Comrad Sound facing closure

Venue hopes to turn licence dispute into a positive discussion

Last week brought some bad news to Calgary’s cultural community: The vibrant and vital Market Collective is currently homeless the Jazz Festival is outright cancelled and new kid Comrad Sound has been forced to forgo all upcoming shows due to a licensing dispute with the City of Calgary. Perception and precedent being what it is you could be forgiven for seeing the glass as less than half full. The dozen or so passionate articulate twentysomethings who gathered at Comrad Sound on Sunday June 21to discuss the venue’s current situation refuse to be dragged into this optimism deficit.

Comrad Sound was conceived as an all-ages art space that would host workshops live bands and community-based activities while providing a safe drug- and alcohol-free environment for adolescent creativity. Drummer and prominent local rocker Mike Wallace received a retail business licence from the City of Calgary on April 5 and the venue has been operating under that licence ever since.

Last week though an ominous letter arrived informing Wallace (who is currently in Ontario touring with his band Friendo) that the live music performances fell under the category “Entertainment Establishment” an activity not covered by the retail permit. It stated: “You are not licensed to carry on any concert/nightclub business at this address.… You are requested to immediately cease carrying on the business of Entertainment Establishment at Comrad Sound” and threatened fines of up to $10000 for each subsequent violation.

Comrad comrade Vanessa Gloux responds to the letter: “When it came down to it nobody even asked us about it they just came down here saw what we were doing saw that there was live music and then we got this letter.”

The letter didn’t exactly come as a surprise. “We’re having to register as a business and act as a business for something that isn’t a business. That’s the main difficulty” says Comrad’s Neal Moignard.

City licensing inspector Ken Stewart the signatory of the aforementioned letter refuses to discuss the specifics of Comrad’s conundrum but is willing to provide some general clarification to the rules and licensing process. From Stewart’s perspective the issue is rather black and white.

“If there’s any kind of entertainment in the place like live music or dancing that’s considered an entertainment establishment” he says. Stewart cites the city’s mandate to ensure that businesses are safe and code-compliant for their licensed activities while outlining the process and requirements for changing that designation. “We do get people who say they’re going to do one thing when they’re going to do another. We want clarity. We don’t want people coming in and giving the veneer of something genuine when they’re just trying to get around the existing bylaws and rules that are in place.”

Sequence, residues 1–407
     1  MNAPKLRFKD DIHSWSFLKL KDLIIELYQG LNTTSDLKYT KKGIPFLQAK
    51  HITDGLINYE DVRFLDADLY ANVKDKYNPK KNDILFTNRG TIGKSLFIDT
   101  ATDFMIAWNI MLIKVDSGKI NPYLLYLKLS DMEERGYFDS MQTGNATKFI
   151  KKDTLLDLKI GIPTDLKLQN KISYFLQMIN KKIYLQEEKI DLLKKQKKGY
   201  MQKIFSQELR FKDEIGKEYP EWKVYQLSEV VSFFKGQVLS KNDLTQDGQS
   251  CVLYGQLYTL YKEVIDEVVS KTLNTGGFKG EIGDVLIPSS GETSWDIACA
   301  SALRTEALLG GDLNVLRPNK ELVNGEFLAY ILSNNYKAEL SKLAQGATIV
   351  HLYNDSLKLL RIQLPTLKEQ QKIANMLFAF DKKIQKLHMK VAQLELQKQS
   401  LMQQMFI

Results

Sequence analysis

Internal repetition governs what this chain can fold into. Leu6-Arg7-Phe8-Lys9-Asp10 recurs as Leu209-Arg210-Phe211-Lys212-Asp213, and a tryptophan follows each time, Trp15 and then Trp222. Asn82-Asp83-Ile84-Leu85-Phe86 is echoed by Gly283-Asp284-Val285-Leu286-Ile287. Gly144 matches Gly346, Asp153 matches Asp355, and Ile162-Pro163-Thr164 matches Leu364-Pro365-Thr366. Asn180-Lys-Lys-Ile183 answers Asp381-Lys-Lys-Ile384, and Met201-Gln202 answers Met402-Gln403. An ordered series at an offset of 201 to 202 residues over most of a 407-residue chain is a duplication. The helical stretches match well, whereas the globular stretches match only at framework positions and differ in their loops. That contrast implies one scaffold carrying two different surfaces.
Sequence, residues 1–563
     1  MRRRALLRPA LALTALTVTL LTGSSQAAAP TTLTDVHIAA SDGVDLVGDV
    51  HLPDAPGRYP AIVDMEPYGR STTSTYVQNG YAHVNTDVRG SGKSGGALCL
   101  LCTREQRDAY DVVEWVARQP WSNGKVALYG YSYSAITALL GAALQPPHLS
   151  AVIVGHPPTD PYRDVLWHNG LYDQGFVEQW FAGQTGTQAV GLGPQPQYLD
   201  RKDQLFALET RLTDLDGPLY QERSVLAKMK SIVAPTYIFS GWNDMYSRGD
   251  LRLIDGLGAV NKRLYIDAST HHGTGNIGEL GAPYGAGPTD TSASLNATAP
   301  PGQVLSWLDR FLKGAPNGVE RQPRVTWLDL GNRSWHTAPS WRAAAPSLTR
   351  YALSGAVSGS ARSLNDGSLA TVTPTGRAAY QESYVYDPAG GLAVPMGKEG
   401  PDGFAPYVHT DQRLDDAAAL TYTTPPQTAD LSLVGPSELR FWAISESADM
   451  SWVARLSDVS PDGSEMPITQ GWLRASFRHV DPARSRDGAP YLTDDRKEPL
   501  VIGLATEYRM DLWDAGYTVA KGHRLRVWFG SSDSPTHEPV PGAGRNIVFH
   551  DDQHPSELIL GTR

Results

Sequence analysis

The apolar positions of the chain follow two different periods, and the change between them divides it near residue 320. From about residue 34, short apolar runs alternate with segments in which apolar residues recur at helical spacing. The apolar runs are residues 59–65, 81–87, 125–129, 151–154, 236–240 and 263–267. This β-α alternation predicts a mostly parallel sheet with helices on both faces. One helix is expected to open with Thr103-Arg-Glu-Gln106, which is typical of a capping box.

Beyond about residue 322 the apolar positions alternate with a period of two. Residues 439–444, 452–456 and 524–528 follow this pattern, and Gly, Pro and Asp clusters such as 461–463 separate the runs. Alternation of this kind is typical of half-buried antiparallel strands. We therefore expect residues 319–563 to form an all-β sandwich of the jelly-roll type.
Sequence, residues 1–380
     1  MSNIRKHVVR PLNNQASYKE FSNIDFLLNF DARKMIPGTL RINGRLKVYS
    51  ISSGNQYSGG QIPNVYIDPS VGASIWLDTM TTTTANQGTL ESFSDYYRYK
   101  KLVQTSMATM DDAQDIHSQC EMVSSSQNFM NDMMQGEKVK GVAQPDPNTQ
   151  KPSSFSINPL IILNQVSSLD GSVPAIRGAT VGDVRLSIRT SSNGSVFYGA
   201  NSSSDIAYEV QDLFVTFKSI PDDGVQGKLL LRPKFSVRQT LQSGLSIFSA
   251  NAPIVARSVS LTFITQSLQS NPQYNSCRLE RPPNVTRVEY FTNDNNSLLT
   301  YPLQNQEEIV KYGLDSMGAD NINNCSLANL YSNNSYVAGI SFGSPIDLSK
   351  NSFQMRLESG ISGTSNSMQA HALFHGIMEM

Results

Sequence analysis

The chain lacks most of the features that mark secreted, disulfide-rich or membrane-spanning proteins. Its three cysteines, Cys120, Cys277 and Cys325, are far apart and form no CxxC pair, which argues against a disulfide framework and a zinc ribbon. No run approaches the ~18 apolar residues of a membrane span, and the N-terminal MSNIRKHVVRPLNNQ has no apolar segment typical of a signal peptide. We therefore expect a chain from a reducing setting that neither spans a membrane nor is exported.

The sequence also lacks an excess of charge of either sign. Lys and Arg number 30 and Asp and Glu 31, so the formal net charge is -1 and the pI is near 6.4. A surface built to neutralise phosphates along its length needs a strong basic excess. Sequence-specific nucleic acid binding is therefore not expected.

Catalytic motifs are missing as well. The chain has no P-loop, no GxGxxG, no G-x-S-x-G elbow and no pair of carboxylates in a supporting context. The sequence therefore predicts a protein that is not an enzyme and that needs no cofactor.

Despite widespread agreement on the need for sustainable all-ages spaces and venues the issue has been ongoing and unresolved for decades. Even still Comrad Sound and its supporters view the current crisis as an opportunity to create meaningful and sustainable change. There’s no room here for mopey negativity.

“There’s more optimism than anything else” says Moignard. “All-ages venues are going to happen all-ages shows are going to happen. It’s an opportunity to make something really good come out of this to bring a lot of attention to the actual underlying issue and to use all the support that we’ve had to finally push something through and set a precedent and standard.”

Andrew Davidson another of the meeting’s attendees quotes activist and mayoral candidate Paul Hughes: “This is a legacy issue about creating a greater capacity for youth arts and culture in Calgary.”

Fundraisers and overwhelming support have already generated sufficient funds to ensure Comrad Sound’s survival at least until the end of the summer and there seems to be a general will on both sides to resolve the issue for everyone’s benefit.

“We want to be assisted by the city in the process of finding a licence that will suit us” says Moignard. “We also want to be in a conversation about what we’re trying to accomplish in terms of having the space with both the city and the community.”

Stewart says that’s not the issue. “We’re not there to block things or stop certain things from going on” he explains. “If people want to come up with something that we don’t license or feel the current categories or bylaws do not include what they want to do they can make a submission in writing to the City of Calgary and even to their alderman and suggest that this be brought up in council for amendments to the bylaw. If it’s been a problem for the last 20 years maybe it’s time to go in that direction.”

When pressed. Stewart will admit to attending shows as a youth in Toronto that may not have been entirely above the bureaucratic board. Of course that was long before he became a city licence inspector. “I like music that’s for sure” he admits. “I’m not just the parochial guy.”